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Iowa Mink Release Fails to Rescue

By Immydog
As I write this blog, an FBI helicopter is humming above our small town.  Many will lose sleep to that surprisingly loud flutter tonight if it persists into the wee hours of the morning.  Our small town has fallen victim to domestic terrorism.  The federal and local police are searching for the terrorists.
A local mink farm was broken into and 1200-1500 mink were released from their cages a few days ago in an attempt to "rescue" them.
The culprits apparently tried to repeat the act tonight, as the law lay in wait for them.  We will see what the news has to say tomorrow about this evening's incident.  Meanwhile, the helicopter hovers above us, viewing our town in infrared and night vision scopes, and the residents text each other to lock doors and vehicles as the terrorists try to find a place to hide.
While I will never wear a mink coat, or admire anyone who does, I believe the people who attempted this rescue did so with very little knowledge about the repercussions of their actions.  They have not saved a single life tonight.
Releasing mink who have spent their entire lives in cages into the wild in the middle of the night is an immature and unsuccessful attempt at making a statement.  These mink are raised with water and food allotments handed to them.  Few of them will survive and fewer will thrive following sudden abandonment just weeks before an Iowa winter rears its ugly head. 
Many of the released mink were trapped by the farmer and volunteers following their release, and are now residing in cages with unfamiliar cage mates.  Those mink who were housed together are now separated and housed with those whom they have not yet established a hierarchy.  This is the equivalent of placing unfamiliar, scared, and aggressive dogs into a small cage (or ring, sound familiar?).  The result is fighting and often death of one or more of the cage mates. 
The actions of these people are equivalent to putting a band-aid on a slit throat.  It is not pretty, will not help the victims, and will not win you any praise.  If you want to make change, support the legislators trying to make that change.  Educate the public.  Decrease the demand, and the profit will decrease.  All of these take time, but it is the only way to protect animals.
Acting out illegally, and causing the amount of stress you caused in these animals is not going to gain you any praise from me or from most in the animal welfare circuit.  While we may or may not agree with your views about mink farming, your weapons should be words, not acts of cruelty.  Acts like these cause a loss of respect for animal welfare and animal rights supporters by the general public.  We come off being viewed as criminals, too uneducated to recognize the difference between saving one vs. protecting many.  We are viewed as unstable morons racing around screaming, "Let the pretty mink free"! 
Rather than save a small group of animals, our actions should provide a blanket that protects all of them. It is equivalent to buying a puppy from a store because you feel bad that it came from a puppy mill.  If you feel bad for puppies sold in stores, then you should try to get the store to discontinue selling puppies, not support the store by purchasing the puppy to "rescue" it.  Pick up your pens, grab a dictionary and a thesaurus, and make a real difference by writing to your legislators and educating your friends, family, and the local public.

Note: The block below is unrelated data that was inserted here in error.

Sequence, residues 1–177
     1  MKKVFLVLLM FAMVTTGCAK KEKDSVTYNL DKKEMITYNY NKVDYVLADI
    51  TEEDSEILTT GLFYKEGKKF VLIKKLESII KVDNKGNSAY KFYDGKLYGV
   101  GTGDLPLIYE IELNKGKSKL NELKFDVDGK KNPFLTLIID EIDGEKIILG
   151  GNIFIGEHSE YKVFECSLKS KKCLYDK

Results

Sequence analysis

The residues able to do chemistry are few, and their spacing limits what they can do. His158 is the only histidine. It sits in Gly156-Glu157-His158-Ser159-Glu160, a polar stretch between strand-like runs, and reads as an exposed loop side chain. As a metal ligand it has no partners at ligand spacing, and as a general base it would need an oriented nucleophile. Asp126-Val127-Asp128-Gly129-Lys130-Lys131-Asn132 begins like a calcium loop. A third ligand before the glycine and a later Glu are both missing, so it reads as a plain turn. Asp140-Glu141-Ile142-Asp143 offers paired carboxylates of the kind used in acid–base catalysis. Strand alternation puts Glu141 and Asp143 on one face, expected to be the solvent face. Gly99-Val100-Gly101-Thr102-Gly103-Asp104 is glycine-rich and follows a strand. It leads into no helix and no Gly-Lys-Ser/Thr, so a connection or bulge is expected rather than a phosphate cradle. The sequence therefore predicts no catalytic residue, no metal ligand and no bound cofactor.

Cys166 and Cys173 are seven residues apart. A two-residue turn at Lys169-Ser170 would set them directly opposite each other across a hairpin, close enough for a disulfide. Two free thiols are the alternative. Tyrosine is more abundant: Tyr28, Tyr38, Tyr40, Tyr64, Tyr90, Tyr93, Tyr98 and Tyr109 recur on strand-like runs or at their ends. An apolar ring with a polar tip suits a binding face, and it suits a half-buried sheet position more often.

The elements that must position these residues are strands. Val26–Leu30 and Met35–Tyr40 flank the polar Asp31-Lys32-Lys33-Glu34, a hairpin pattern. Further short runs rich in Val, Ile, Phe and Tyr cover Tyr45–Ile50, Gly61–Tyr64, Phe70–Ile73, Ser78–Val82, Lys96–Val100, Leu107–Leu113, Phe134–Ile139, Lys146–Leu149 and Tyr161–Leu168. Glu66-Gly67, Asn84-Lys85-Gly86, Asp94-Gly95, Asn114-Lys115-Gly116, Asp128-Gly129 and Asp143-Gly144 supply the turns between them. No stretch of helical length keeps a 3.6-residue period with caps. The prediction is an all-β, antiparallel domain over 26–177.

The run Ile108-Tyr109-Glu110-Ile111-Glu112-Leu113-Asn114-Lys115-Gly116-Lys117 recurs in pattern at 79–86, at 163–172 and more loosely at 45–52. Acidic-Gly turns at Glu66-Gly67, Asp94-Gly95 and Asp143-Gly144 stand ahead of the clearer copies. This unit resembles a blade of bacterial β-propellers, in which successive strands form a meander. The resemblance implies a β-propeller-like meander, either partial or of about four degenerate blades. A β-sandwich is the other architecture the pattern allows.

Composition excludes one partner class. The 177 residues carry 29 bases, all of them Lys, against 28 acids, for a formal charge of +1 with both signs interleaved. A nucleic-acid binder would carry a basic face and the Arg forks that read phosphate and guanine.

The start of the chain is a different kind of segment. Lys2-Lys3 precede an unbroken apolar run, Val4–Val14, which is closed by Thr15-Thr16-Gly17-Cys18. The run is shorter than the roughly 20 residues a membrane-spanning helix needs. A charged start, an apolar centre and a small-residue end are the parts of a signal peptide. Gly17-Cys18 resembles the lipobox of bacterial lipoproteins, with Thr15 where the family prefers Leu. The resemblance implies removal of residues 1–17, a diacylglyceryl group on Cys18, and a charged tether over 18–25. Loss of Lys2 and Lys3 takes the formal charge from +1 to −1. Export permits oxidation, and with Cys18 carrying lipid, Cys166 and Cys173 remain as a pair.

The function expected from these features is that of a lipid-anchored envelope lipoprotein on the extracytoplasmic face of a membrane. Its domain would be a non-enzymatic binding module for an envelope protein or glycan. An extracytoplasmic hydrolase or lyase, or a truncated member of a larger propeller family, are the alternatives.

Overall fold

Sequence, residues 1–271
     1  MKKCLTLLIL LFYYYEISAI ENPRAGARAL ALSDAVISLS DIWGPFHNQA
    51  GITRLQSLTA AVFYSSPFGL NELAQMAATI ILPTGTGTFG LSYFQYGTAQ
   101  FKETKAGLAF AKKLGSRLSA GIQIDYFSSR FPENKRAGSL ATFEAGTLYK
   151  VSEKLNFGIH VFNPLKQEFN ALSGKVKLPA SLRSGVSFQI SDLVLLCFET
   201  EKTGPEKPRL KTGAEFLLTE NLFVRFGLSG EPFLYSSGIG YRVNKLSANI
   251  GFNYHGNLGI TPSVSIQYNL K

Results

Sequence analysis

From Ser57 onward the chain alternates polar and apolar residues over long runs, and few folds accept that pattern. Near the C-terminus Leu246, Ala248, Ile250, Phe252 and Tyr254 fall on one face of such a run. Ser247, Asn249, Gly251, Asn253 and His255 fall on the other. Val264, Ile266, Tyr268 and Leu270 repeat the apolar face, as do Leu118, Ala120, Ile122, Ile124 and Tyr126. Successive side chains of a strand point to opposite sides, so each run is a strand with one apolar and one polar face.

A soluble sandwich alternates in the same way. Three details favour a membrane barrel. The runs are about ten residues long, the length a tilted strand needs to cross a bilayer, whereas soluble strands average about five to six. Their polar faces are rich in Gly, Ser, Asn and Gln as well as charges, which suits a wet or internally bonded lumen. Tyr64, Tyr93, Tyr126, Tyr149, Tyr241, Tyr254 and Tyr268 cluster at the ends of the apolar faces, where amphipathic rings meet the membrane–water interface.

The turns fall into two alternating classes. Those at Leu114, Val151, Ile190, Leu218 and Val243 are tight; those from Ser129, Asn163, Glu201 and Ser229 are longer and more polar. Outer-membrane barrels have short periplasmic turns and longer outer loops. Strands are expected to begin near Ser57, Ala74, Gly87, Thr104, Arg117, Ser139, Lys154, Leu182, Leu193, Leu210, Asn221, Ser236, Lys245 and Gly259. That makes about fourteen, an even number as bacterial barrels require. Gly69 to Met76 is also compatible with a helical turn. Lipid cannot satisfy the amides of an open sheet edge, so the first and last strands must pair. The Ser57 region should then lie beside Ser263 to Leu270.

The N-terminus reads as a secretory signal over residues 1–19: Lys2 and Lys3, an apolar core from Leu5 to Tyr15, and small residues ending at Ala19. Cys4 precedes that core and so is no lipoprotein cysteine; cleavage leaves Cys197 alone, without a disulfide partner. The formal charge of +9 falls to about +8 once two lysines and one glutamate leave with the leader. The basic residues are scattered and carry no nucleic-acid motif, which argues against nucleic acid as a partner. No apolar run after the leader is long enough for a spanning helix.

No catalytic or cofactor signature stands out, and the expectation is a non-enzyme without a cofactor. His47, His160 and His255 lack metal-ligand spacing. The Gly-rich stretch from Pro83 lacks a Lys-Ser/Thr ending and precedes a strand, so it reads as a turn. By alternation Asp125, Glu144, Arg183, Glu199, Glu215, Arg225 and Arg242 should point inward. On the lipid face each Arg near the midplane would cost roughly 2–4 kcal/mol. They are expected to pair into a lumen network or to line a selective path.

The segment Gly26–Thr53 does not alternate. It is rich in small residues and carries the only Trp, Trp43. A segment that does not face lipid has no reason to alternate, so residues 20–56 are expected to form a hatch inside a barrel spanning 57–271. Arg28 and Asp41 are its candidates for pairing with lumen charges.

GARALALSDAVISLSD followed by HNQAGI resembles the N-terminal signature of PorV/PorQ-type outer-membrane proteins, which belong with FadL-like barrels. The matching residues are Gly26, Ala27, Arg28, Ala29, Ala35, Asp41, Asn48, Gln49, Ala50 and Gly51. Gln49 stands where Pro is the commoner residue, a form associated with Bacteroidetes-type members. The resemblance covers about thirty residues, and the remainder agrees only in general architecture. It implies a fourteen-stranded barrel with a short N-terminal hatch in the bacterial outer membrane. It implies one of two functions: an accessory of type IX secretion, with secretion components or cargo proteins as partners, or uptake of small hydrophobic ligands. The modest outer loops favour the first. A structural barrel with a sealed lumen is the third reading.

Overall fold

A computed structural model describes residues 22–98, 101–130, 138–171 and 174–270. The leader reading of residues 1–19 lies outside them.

Why mink release is considered an act of domestic terrorism, I am unsure.  I suspect it is because it is considered an attack on the agricultural industry and lies in the same realm as an attack on our food source, IE cattle or hogs, as may happen in an act of war. 
If this is the interpretation, and is the reason why the federal agencies seem to be involved in catching "mink liberators", I think the government would be better off spending this time and money rewriting the laws that make up the animal welfare act, and better defining the animal industries and protecting the animals in their care.  Hogs are not mink are not dogs.  They all deserve their own set of rules and regulations as their husbandry and produce is not similar.
Releasing a pathogen as an act of war in order to deplete our nations food source is an act of terrorism whose ramifications would be felt nationwide.   That, I do understand.   Releasing mink from a farm, mink who are intended for the backs of the filthy rich is difficult for me to view as an act of terrorism.  Their production is meant to support egos and vanity, while cattle and hogs support the nourishment of families.  One is cosmetic and superficial, the other is a mainstay of life (unless your a vegetarian but the truth is that the majority of our nation is not).  Mink release does not threaten our survival...
Although I would hate to hear that thousands of Iowans froze to death this winter due to an unfortunate delay in mink coat production.
If you really think about it,
Iowa Mink Release Fails to Rescue
Iowa Mink Release Fails to Rescue
Iowa Mink Release Fails to Rescue
Iowa Mink Release Fails to Rescue
Don't we look just as ridiculous wearing theirs???
"Cruelty is one fashion statement we can all do without."
~Rue McClanahan

"Behind every beautiful fur, there is a story. It is a bloody, barbaric story." 
~Mary Tyler Moore
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***Special thanks to those of you who provided words of support and encouragement in reference to my preceding blog.  I truly appreciate it, even though there were too many emails to respond to personally.  Thank you. :-)

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